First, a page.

SPRING IN THEIR STEP Mayo players from left, Aidan O'Shea, Keith Higgins and Kevin Keane will all have a big part to play if Monaghan are to be beaten in nextb Sunday's National League match in Castlebar.Pic: Sportsfile
Win the midfield battle, and defensive war can be won too
Billy Joe Padden
THE ability to make the right decisions quickly and decisively under extreme pressure is what separates the winners and everybody else in the inter-county game.
Three weeks on from Mayo’s extremely disappointing response to the questions posed by Tyrone’s defensive system, Monaghan will come to Castlebar on Sunday armed with a similar game-plan.
The fact that Malachy O’Rourke has better players at his disposal than Mickey Harte had, players that are also much more adept at playing ‘blanket defence’ football than Tyrone were, means that Mayo are in for another thorough tactical examination. Free-flowing and high-scoring it will not be.
It is absolutely imperative that Mayo has made a decision on what they are going to do when the barricades go up and the defensive screens come down in the Monaghan half of the field on Sunday.
Mayo’s players will have spent the last fortnight getting some crucial conditioning work done and there’s no doubt that Donie Buckley, a coaching perfectionist, will have been addressing the fact that the players’ skill execution was so poor last time out.
Noel Connelly and Pat Holmes will also have been examining the footage from the Tyrone match to try and pin down the best tactical approach to take from here on out when their team comes up against the blanket defence.
There is no doubt they won’t be caught ‘on the hop’ again.
As we said before a ball was kicked this month, this Mayo squad has to adapt and evolve if they are going break through the glass ceiling and win national titles.
Maybe not Sunday, maybe not this Spring, but we will be eventually found out during the Summer if we don’t develop another way of playing the game.
Of course, next weekend is ultimately about getting those two league points and, unless Monaghan decide to use the game as an exercise in developing their attacking game (which I don’t see happening), then Mayo are going to be confronted by one of the most organised and effective defensive systems out there.
Falling four or five points down after 20 or 30 minutes just can’t happen against Monaghan. If it does, they have Mayo where they want them and there will only be one result.
SO what do Mayo need to do to win?
Firstly, they need to have a definite game-plan where everybody knows their role. Beating the likes of Monaghan will require a 15-man tactical approach.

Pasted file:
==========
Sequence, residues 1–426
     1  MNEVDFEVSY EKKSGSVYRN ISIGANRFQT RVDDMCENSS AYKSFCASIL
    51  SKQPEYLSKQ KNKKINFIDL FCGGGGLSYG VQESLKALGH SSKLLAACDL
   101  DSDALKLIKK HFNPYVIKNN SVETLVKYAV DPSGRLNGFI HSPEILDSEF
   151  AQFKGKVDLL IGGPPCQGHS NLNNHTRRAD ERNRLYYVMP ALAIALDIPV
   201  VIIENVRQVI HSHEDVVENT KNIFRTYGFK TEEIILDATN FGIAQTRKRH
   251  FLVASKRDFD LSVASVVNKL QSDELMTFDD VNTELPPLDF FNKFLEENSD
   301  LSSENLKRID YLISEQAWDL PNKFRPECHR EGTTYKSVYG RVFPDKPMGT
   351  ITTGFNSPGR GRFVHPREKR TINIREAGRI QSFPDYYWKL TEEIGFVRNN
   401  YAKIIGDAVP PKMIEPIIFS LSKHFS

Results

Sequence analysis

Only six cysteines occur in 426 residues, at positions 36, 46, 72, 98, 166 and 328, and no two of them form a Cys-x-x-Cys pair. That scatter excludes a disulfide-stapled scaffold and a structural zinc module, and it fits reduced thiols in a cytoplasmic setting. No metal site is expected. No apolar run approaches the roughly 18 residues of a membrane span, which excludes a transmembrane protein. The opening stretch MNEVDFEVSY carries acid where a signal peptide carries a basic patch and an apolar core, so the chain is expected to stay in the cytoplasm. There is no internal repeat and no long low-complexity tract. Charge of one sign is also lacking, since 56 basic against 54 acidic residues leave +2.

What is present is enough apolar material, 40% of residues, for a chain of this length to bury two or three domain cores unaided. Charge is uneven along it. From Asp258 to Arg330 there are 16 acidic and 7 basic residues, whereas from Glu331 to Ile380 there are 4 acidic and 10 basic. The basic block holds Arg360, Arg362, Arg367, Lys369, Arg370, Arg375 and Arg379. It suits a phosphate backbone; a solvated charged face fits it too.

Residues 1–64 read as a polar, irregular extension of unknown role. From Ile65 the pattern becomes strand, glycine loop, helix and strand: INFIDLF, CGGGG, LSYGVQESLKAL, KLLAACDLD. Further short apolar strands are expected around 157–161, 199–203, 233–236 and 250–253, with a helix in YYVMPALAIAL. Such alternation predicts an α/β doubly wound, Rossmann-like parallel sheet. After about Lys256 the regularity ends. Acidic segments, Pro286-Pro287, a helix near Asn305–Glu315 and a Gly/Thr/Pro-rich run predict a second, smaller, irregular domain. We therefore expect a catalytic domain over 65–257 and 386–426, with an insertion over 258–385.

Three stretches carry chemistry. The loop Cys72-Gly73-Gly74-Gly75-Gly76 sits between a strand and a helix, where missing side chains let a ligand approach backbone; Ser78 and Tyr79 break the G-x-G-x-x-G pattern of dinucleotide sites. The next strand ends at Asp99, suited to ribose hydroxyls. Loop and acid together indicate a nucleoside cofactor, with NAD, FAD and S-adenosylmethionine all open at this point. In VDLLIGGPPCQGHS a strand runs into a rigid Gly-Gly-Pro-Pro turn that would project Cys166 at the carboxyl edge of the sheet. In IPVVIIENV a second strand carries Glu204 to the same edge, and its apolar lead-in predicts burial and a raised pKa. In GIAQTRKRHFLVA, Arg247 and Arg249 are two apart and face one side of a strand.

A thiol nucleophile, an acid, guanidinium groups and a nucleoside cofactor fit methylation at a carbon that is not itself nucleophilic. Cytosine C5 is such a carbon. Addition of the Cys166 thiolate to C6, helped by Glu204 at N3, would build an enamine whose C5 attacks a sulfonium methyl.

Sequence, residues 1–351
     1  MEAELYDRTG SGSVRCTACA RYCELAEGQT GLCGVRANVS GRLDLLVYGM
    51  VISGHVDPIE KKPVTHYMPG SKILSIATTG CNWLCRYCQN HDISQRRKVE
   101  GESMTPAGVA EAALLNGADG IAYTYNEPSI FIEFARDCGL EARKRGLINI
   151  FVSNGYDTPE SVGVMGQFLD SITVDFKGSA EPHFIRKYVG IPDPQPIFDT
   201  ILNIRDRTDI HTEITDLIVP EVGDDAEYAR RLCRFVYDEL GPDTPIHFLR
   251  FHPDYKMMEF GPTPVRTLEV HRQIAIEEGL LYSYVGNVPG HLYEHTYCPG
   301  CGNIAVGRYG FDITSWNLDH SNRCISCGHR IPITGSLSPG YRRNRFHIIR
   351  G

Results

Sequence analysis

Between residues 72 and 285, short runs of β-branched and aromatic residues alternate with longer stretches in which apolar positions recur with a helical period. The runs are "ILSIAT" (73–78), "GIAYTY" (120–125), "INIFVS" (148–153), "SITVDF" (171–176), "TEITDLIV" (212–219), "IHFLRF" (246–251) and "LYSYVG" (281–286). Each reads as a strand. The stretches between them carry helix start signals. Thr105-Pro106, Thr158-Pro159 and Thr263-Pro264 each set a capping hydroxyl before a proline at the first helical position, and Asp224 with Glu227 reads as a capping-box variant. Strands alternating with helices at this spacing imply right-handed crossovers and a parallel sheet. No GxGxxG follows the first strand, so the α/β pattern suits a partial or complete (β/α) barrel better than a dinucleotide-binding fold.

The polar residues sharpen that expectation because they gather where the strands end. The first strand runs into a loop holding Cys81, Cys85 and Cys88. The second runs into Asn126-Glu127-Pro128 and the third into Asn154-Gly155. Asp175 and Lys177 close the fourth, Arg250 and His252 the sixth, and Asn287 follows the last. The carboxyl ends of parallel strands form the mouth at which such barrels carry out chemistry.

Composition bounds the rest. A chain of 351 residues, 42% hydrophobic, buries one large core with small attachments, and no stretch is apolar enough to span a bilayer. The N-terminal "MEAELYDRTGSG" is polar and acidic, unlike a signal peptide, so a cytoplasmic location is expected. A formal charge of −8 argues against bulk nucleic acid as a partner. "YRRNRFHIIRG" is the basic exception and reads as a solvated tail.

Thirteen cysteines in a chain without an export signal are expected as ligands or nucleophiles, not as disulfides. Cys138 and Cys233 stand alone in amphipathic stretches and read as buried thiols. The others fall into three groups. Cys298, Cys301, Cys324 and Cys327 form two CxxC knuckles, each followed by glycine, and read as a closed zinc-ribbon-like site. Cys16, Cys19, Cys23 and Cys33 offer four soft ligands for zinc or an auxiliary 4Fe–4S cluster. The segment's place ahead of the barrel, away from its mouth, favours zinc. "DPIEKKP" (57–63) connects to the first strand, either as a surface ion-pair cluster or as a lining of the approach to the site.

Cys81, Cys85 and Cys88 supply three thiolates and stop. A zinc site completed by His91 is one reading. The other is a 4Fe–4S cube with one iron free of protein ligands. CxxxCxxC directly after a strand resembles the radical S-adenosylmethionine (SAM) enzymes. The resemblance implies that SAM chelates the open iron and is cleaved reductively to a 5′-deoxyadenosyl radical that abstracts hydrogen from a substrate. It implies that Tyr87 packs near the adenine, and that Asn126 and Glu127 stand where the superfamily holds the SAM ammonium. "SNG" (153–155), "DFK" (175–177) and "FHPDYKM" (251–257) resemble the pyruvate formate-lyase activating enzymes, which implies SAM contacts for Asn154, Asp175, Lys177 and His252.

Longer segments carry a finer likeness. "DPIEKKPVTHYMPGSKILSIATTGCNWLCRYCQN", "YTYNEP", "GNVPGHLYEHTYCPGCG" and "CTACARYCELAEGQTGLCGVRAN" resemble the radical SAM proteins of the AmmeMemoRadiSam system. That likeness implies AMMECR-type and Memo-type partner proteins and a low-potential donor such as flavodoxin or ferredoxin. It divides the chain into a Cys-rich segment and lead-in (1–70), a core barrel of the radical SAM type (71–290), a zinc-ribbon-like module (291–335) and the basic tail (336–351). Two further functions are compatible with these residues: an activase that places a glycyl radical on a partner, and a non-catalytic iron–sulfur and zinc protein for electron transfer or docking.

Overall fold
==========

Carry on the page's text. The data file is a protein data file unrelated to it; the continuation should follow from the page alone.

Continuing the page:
They also must be ready for another dogfight. They will need to be patient. They will need to make it extremely hard for Monaghan to break them down.
And every Mayo players must know what the plan is when we’re out of possession.
Do we do what we’ve always done these last few years and put pressure on high up the field, which requires high-energy and takes its toll as the game wears on?
When this approach is not at its best, it can be vulnerable to quick counter-attacks by an opponent that employs a blanket defence system. Just think how Tyrone got in for their goal.
Or do we imitate the Ulster teams and drop back, invite Monaghan on to us, suck them in, and then counter-attack at pace after turning the ball over?
If I was picking a team to get the job done I would be looking for physicality around the middle. Mayo need to get back to dominating teams in this area of the field again so guys like the two O’Sheas and Barry Moran need to be at their best.
Picking somebody like Donie Vaughan or Diarmuid O’Connor at wing-forward and getting them to drop deep when we don’t have the ball would also be one way of tightening things up at the back.
Winning this match is vitally important for Mayo.
The Tyrone defeat was demoralising because they didn’t have to play particularly well to beat us, and for a long time we weren’t able to make life uncomfortable for them.
I really think this is a 50/50 game.
Mayo have to alter their approach, set up their own defensive shell when they don’t have the ball, and play to the strengths of their half-back line when they do have possession.
But, most of all, we need to start dominating teams again around the middle. We haven’t done it in our last four big games (against Kerry twice last August, again down in Killarney, and against Tyrone) and it’s time to start letting our ball-winners in that sector do what they do best.
At home, and with a point to prove, Mayo to win narrowly.